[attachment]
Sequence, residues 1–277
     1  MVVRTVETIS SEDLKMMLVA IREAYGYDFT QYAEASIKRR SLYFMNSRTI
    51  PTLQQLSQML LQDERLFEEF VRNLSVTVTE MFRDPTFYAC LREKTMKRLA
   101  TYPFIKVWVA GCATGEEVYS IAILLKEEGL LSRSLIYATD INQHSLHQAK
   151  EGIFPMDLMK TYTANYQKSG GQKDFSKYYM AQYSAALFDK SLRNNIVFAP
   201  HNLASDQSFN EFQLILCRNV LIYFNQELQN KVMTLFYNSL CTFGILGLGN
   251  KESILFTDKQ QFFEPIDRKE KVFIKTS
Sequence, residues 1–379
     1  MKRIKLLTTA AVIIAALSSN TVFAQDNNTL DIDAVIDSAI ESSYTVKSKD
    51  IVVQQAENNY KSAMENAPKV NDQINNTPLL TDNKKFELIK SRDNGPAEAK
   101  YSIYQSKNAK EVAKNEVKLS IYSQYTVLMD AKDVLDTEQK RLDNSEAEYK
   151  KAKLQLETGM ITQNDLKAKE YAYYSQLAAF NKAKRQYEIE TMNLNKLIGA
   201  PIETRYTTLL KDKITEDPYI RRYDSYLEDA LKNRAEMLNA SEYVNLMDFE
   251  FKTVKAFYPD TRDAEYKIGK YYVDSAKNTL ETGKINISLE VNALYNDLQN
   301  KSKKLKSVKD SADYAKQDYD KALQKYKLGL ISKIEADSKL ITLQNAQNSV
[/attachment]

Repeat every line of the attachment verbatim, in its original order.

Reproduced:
Sequence, residues 1–277
     1  MVVRTVETIS SEDLKMMLVA IREAYGYDFT QYAEASIKRR SLYFMNSRTI
    51  PTLQQLSQML LQDERLFEEF VRNLSVTVTE MFRDPTFYAC LREKTMKRLA
   101  TYPFIKVWVA GCATGEEVYS IAILLKEEGL LSRSLIYATD INQHSLHQAK
   151  EGIFPMDLMK TYTANYQKSG GQKDFSKYYM AQYSAALFDK SLRNNIVFAP
   201  HNLASDQSFN EFQLILCRNV LIYFNQELQN KVMTLFYNSL CTFGILGLGN
   251  KESILFTDKQ QFFEPIDRKE KVFIKTS
Sequence, residues 1–379
     1  MKRIKLLTTA AVIIAALSSN TVFAQDNNTL DIDAVIDSAI ESSYTVKSKD
    51  IVVQQAENNY KSAMENAPKV NDQINNTPLL TDNKKFELIK SRDNGPAEAK
   101  YSIYQSKNAK EVAKNEVKLS IYSQYTVLMD AKDVLDTEQK RLDNSEAEYK
   151  KAKLQLETGM ITQNDLKAKE YAYYSQLAAF NKAKRQYEIE TMNLNKLIGA
   201  PIETRYTTLL KDKITEDPYI RRYDSYLEDA LKNRAEMLNA SEYVNLMDFE
   251  FKTVKAFYPD TRDAEYKIGK YYVDSAKNTL ETGKINISLE VNALYNDLQN
   301  KSKKLKSVKD SADYAKQDYD KALQKYKLGL ISKIEADSKL ITLQNAQNSV